The Malabar Starling (Sturnia blythii) is also known as the Malabar White-headed Starling or Blyth's Starling. Until recently it was considered conspecific with Chestnut-tailed Starling (Grey-headed Myna) and placed in genus Sturnus but is now considered a full species.
It is distinctive from the former species, in having a white head, which contrasts the cinnamon-brown breast. The upper-parts are grey while the rump is orange-brown.
The wings are also grey with black primaries and brown secondaries. The tail which is grey is tipped with chestnut. The eye is greyish and the bill is amusingly coloured blue at base, green in middle and yellow at the tip.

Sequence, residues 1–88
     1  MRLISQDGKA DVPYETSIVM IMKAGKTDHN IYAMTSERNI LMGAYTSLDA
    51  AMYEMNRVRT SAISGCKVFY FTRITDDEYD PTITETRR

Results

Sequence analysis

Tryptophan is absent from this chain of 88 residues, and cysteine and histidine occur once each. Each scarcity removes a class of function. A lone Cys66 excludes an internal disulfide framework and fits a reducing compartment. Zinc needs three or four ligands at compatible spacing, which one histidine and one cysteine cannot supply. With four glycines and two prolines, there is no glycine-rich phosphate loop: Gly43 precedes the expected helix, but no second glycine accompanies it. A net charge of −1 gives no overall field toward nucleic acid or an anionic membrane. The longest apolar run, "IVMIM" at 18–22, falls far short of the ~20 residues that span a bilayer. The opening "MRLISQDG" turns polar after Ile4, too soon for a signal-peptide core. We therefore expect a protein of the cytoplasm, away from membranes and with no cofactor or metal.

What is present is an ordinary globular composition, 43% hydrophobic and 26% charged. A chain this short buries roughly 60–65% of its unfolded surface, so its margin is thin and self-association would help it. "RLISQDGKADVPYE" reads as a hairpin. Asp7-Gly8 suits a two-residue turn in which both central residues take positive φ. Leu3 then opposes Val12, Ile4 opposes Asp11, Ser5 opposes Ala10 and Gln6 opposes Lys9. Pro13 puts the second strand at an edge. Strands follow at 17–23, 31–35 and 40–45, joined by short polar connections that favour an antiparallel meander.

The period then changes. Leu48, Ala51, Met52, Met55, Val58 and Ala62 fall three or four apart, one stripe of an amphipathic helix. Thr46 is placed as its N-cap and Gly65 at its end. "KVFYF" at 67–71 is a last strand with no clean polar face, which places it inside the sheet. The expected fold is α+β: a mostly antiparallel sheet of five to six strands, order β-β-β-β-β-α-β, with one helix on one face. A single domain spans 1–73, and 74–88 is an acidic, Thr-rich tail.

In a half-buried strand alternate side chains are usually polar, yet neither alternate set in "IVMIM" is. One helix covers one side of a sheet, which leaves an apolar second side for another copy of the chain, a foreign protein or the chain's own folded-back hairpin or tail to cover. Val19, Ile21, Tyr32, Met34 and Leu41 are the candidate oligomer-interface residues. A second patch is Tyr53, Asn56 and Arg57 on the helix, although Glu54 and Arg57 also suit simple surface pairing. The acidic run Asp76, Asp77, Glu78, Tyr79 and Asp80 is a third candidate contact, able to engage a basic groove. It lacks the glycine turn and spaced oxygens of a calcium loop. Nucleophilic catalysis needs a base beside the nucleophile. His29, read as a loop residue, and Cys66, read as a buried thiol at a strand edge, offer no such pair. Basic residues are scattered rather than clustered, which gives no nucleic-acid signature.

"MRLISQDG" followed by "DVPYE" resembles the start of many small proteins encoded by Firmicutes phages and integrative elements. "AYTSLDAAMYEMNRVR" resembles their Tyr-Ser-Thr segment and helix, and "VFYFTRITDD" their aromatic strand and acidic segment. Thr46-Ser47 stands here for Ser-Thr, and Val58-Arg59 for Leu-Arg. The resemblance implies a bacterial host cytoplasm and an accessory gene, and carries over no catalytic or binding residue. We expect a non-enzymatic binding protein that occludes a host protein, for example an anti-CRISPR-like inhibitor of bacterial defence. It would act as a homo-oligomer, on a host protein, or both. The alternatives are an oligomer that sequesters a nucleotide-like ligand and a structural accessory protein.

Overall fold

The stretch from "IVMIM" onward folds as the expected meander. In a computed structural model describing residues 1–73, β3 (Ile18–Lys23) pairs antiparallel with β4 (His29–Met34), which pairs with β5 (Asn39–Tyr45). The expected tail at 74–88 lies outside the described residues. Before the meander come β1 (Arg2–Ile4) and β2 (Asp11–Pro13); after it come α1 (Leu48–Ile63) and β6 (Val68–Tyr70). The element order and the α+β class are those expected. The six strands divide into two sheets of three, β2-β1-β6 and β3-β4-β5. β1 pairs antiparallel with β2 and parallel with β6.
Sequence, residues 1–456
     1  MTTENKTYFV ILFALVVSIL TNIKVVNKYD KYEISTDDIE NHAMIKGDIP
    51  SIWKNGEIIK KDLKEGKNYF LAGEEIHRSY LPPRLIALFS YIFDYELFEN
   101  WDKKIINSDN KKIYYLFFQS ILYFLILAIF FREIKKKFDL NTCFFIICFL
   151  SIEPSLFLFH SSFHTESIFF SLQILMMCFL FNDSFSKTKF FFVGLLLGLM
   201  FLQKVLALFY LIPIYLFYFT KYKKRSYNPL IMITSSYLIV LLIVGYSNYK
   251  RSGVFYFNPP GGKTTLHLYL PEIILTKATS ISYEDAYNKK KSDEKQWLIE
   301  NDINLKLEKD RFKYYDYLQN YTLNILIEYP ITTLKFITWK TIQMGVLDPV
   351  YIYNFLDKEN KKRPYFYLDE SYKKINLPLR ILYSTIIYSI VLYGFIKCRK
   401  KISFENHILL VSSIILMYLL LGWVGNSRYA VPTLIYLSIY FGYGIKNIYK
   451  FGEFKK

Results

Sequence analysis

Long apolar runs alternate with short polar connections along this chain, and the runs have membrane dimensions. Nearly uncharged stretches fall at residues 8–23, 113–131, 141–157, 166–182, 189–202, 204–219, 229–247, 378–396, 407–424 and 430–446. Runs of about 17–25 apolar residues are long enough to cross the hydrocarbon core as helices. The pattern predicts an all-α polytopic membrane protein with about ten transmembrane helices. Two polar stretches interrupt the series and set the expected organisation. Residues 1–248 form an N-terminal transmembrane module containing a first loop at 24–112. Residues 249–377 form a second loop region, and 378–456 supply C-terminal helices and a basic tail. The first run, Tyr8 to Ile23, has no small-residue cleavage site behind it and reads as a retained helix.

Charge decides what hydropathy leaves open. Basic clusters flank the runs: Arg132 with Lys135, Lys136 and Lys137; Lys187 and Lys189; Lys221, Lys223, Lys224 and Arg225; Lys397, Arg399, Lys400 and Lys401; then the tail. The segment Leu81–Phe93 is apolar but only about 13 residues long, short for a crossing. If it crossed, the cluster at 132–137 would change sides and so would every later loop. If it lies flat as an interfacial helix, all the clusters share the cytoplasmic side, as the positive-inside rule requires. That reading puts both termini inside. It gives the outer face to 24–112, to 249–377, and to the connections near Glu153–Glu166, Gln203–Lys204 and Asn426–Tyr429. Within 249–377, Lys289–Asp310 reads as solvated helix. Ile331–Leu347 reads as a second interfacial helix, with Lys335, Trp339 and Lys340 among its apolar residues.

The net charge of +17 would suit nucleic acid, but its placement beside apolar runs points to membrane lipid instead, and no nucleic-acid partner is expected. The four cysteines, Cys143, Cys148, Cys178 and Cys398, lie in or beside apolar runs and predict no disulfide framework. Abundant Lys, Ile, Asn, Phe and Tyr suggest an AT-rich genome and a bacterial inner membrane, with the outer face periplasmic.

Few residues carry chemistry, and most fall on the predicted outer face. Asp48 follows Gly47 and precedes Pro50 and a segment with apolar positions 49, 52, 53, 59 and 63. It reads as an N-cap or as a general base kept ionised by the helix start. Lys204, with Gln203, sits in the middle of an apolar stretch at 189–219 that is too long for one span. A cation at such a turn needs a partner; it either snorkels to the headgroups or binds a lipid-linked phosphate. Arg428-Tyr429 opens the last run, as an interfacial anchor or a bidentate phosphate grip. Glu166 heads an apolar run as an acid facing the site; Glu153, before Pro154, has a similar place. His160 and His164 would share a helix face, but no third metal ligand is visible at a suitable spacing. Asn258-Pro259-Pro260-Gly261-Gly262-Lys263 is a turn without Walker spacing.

The females have a greyer head and the juveniles are a grey-brown. However, there is also an opinion that the females and males be similar.
They can be usually found in pairs or in flocks – small or big. Like other starlings they can fly in large flocks with great synchrony.
This species is thought to be endemic to the Western Ghats and is resident here. They feed on insects, seeds, fruits and nectar.
The are found in open woodland and cultivations with scattered trees and in young forest plantations and also close to human settlements. The breeding season is thought to be between April and May.
|Location:||Sharavathi valley wildlife sanctuary|
|Date:||April 1 2012|
|Time:||Morning; 7:25 AM|
|Other Details:||A couple of these birds was seen high in the treetops. Flying back and forth. There was also a Pompadour Green Pigeon sitting in close proximity|